Along the Amber Route traces C.J. Schüler’s journey down one of Europe’s great long distance trading routes.
Like other ancient trade routes, this one had several branches running for some 2,500km from St. Petersburg on the edge of the Baltic Sea to the great trading city-state of Venice on the Adriatic.
The existence of the Amber Route predates both of those cities. Reference to a tribe called the Aesti who gathered this strange substance on the shores of the Suevian Ocean — the Baltic Sea — appears as early as 98 AD in the writing of the historian Tacitus.
It was at different times prized as a luxury item, believed to have healing properties, and treasured as a time capsule of the ancient creatures — ‘inclusions’ — that have been trapped in it, most often plants and insects, but also lizards.
I’d always thought amber was fossilized tree resin, and it is the resin of conifer trees from the prehistoric forests of northern Scandinavia. But as as Schüler points out, ‘fossils’ are imprints of organic objects left in stone. Amber is the actual resin transformed by polymerization and oxidation.
The Baltic Sea produces 90% of the world’s supply. I made a circuit of that sea in 2015 to write a magazine feature and several columns, and I encountered the stuff everywhere, especially in Lithuania, Latvia and Estonia.
Schüler’s book brought back memories of magical evenings on the Curonian Spit, where the light is like nowhere else. And it renewed the spark of small regrets at adjacent roads not yet travelled. I didn’t have the opportunity to dip into the Russian exclave of Kaliningrad on that trip, and given the war, it may be years before another opportunity comes up.
I think that was my favourite section, the chapter on Kaliningrad, because it is one of the strangest regions Schüler passes through. But this book and this journey are about more than just amber.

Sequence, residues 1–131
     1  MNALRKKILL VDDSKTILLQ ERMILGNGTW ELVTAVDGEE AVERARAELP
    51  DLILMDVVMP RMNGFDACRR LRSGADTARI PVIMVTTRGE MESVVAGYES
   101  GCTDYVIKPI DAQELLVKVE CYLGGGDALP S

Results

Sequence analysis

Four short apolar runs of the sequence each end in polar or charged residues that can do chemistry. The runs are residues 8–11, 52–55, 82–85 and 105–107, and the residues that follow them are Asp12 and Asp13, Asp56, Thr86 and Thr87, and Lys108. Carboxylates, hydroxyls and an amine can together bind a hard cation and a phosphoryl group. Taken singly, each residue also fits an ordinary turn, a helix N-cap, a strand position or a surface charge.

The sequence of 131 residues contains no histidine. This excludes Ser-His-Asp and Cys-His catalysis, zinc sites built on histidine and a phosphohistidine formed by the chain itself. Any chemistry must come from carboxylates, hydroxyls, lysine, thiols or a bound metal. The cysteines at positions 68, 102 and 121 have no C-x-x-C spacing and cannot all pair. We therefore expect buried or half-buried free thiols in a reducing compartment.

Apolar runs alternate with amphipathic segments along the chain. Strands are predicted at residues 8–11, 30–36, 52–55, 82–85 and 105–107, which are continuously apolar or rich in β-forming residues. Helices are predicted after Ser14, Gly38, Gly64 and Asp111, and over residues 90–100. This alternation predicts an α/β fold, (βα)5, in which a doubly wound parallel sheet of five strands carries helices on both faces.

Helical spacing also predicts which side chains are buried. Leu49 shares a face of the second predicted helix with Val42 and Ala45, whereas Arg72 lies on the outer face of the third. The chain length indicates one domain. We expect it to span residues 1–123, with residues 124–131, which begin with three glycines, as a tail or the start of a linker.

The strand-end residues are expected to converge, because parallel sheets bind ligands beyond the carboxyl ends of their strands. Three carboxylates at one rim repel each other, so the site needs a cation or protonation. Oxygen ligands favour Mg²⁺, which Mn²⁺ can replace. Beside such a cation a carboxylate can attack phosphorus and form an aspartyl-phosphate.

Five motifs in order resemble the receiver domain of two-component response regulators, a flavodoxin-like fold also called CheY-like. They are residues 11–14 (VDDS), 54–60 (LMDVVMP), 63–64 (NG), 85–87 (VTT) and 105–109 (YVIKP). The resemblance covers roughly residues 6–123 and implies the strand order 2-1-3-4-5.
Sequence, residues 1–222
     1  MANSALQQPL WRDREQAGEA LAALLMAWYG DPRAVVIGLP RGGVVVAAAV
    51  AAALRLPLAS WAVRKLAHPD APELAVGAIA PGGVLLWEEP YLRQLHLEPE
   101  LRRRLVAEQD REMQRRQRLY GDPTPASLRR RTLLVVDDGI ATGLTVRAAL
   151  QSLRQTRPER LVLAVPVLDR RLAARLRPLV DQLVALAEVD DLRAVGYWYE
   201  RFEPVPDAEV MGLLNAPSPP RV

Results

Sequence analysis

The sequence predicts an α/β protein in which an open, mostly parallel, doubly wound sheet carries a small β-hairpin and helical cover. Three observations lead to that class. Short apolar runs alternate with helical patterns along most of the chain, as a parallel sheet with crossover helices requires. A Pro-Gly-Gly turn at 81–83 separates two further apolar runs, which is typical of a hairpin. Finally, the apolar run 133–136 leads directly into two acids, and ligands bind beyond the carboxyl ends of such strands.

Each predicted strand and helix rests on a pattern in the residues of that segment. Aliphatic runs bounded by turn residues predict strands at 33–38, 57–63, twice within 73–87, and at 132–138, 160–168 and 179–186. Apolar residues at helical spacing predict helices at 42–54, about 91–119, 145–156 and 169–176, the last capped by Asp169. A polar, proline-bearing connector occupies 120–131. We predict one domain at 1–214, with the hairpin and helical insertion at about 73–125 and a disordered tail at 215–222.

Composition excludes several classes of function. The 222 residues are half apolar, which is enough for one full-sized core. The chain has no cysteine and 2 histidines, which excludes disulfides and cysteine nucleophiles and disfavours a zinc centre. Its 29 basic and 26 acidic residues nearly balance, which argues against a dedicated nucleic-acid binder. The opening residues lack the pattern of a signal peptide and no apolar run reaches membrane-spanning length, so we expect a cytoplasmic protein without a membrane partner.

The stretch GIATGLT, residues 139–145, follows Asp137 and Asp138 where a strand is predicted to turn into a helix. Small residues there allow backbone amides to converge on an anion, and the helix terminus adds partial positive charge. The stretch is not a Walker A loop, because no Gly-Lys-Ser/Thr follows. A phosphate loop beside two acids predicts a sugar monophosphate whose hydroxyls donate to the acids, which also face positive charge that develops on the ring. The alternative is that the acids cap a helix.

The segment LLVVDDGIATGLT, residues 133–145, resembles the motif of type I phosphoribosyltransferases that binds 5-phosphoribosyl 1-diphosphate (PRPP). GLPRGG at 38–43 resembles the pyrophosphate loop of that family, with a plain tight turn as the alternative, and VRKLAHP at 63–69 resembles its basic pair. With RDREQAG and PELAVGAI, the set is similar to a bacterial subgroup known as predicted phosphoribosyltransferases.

Schüler’s route coincides with his own family’s history, and with his many Jewish ancestors who didn’t survive the Holocaust.
In traveling this route to tell the story of both amber and his family, he gives us a brisk history of Mitteleuropa and glimpses of countries that no longer exist, including Prussia, Czechoslovakia, the dual monarchy of Austria-Hungary, and Yugoslavia.
He also stops for the night at Bernstein Castle, which had been the ancestral home of the Hungarian aviator and Sahara explorer László Almásy, someone whose exploits I’ve admired from afar through his books (and through the excellent account of Almásy’s Second World War exploits, Operation Salam, by my friend Andras Zboray), and from up close through the traces he left behind in the environs around Jebel Uweinat on the borders of Sudan, Libya and Egypt. Crossing Almásy’s path again here was one of the unexpected delights of this book.
Along the Amber Route is an enjoyable and highly readable book that sometimes breezes along more quickly than I’d like. But of course, that just sparks one’s curiosity for further reading and further journeys.
Buy a copy here and take your own Mitteleuropean journey ==> Along the Amber Route